Developmental transitions among affective and behavioral disorders in adolescent boys


Jeffrey D. Burke, Western Psychiatric Institute and Clinic, University of Pittsburgh Medical Centre, 3811 O'Hara St., Pittsburgh, PA, 15213, USA; Tel: 412-647-7720; Fax: 412-647-7633; Email:


Background:  This paper expands upon recent efforts to advance beyond the examination of concurrent comorbidity between affective and behavioral disorders by testing developmental sequences among disorders. Doing so allows for improved tests of theories, such as Capaldi and Patterson's failure model of Conduct Disorder (CD) and depression. Furthermore, Oppositional Defiant Disorder (ODD) is rarely considered distinctly from CD, minimizing the ability to identify distinct effects among behavioral disorders.

Methods:  This paper used data from the Developmental Trends Study, a clinic-referred cohort of 177 boys, along with their parents, who were assessed regularly using a structured clinical interview and a comprehensive set of other measures. Boys were recruited when they were between the ages of 7 and 12, and were reassessed annually until age 18. Predictive regression models tested the continuities among disorders, with depression, overanxious disorder, Attention Deficit Hyperactivity Disorder (ADHD), ODD and CD examined separately as outcomes.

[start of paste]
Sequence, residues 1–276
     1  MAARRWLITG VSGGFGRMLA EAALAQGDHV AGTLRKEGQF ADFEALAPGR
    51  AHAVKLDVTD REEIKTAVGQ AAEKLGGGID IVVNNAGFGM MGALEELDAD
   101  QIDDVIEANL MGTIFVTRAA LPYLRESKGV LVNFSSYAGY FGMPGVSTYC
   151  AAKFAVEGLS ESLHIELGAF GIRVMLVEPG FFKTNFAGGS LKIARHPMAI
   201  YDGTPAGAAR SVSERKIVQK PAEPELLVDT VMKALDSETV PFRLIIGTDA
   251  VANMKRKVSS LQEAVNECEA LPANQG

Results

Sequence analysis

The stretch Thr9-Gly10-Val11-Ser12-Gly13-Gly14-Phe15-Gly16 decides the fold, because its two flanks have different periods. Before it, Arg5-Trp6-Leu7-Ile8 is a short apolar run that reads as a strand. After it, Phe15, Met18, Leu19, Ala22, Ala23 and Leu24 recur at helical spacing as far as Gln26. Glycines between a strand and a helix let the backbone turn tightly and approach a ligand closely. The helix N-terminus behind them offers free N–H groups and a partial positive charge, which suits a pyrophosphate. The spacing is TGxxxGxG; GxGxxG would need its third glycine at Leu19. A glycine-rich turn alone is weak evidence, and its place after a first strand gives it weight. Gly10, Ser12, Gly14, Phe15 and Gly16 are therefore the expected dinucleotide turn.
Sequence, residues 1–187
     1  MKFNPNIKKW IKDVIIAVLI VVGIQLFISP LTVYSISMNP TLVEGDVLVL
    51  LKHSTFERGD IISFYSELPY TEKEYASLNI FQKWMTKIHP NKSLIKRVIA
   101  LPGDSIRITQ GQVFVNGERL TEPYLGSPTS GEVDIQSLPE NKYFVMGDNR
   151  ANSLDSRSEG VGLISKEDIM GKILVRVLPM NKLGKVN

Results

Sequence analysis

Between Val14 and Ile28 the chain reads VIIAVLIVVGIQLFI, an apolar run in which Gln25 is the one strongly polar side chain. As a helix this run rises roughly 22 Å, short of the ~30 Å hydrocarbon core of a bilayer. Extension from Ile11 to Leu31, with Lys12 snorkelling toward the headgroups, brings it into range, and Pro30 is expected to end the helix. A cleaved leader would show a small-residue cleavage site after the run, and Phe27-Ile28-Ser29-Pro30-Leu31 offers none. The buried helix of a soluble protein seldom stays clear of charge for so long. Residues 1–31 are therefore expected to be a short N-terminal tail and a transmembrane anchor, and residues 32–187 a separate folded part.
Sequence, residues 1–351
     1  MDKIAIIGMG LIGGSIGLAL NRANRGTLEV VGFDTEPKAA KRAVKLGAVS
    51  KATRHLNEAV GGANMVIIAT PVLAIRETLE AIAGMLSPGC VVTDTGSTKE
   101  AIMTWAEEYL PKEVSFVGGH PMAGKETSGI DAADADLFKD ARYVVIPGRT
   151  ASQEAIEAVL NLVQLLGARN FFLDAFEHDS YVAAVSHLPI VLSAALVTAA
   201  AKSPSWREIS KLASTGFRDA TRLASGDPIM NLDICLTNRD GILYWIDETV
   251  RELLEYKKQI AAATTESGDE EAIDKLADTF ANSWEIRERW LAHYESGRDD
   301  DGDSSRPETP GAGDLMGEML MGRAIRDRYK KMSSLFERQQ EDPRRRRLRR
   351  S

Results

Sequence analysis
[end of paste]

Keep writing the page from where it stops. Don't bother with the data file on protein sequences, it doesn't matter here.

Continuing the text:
Results:  Each disorder showed homotypic continuity, but a clear developmental sequence of heterotypic continuity also emerged. ADHD was predicted by no other disorders, and exclusively predicted ODD. CD was predicted only by ODD. However, ODD was also directly predictive of future anxiety and depression, and anxiety predicted future depression as well. A specific test of the failure model of CD and depression supported that model.

Conclusions:  ODD appears as a pivotal developmental disorder in young males, in that ODD is notably influential in both subsequent behavioral and affective disorders. CD influences later depression only indirectly, through psychosocial impairment. Anxiety precedes depression, and ADHD is not predicted by other disorders.